Native Pollinator Conservation
Quamash EcoResearch is part of a collaborative investigation exploring the mechanisms behind the rapid invasion of
the common eastern bumble bee, Bombus impatiens. Commercially reared B. impatiens have been used in
greenhouse tomato production in western British Columbia, and within the past few years, escaped eastern bumble
bees have begun a rapid expansion through both B.C. and northwestern Washington state.
This project documents the expansion, and also explores a basic question in ecology: is direct or indirect competition
driving this invasion? Our central hypothesis is that feral B. impatiens populations will negatively impact
native Bombus abundance, foraging behavior, pathogen/parasite diversity, and immune response via both resource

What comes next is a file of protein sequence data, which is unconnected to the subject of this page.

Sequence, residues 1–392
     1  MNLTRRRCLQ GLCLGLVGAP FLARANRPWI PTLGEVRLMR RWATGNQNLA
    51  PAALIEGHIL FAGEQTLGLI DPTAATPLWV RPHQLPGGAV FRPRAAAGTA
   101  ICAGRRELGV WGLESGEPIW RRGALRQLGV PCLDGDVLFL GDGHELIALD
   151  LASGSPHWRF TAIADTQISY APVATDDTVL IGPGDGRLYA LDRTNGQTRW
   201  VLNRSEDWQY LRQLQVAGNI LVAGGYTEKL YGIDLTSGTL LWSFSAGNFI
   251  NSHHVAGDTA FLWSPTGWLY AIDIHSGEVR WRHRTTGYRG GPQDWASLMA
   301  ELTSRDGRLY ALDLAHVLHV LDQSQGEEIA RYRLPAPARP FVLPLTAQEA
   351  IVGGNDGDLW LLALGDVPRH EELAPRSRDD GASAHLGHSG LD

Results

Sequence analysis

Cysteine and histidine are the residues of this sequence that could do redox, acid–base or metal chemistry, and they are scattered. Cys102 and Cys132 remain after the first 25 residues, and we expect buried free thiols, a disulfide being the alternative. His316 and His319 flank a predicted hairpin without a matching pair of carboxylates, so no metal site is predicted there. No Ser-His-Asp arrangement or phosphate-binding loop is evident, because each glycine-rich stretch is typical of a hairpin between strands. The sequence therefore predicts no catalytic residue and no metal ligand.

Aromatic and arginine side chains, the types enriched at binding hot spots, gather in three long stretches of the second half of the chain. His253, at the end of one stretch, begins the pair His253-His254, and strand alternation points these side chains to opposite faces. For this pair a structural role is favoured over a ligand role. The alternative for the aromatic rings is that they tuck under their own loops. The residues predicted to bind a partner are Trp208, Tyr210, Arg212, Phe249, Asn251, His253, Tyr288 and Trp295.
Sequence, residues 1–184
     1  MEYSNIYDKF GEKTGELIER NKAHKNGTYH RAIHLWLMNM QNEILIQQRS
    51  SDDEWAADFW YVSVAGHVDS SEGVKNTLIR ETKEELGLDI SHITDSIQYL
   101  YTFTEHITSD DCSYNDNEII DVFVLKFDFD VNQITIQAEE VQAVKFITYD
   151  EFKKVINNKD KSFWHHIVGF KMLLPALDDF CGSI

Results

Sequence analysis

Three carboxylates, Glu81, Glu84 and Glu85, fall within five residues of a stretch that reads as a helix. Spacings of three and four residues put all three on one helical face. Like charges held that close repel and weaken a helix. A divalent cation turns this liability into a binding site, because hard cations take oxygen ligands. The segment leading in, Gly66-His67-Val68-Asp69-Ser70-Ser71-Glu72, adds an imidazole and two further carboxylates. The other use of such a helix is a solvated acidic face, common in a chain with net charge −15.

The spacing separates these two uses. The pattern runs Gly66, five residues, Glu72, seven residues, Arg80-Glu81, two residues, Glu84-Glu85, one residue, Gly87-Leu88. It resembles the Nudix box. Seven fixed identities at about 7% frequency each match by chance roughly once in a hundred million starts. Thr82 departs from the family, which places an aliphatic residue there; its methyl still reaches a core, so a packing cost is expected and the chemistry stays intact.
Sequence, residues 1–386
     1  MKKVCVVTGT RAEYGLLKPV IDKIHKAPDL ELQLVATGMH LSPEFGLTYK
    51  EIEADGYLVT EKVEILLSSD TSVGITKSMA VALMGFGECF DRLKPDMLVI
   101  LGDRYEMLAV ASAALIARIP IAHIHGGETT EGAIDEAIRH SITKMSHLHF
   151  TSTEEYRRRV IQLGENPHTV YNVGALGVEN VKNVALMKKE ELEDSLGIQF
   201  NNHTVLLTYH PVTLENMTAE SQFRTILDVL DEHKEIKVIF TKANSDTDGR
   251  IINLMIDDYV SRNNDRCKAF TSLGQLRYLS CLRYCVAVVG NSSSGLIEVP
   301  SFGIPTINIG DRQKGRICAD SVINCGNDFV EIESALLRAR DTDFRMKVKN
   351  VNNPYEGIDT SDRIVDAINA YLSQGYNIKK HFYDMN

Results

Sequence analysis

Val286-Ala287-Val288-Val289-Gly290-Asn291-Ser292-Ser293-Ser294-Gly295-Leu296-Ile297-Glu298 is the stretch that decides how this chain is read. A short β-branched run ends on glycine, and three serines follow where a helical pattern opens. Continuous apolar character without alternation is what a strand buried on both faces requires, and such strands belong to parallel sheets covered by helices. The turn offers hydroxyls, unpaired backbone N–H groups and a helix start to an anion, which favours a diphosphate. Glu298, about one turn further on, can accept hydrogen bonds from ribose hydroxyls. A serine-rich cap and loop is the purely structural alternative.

competition and pathogen spillover.
Check back soon for more details!
We used video footage and field experiments to study insect predation on federally endangered checkerspot larvae, finding that ground-dwelling insect predation had a significant negative impact on larval survival. We have also studied habitat choices by ovipositing checkerspot females to assess necessary habitat densities of nectar and host plants. Finally, we have examined pollinator visitation to two native host plants, Castilleja hispida and Castilleja levisecta, both of which are planted heavily to promote checkerspot habitat; both are also pollinator-dependent for reproduction.
This research was funded by the U.S. Fish and Wildlife Service.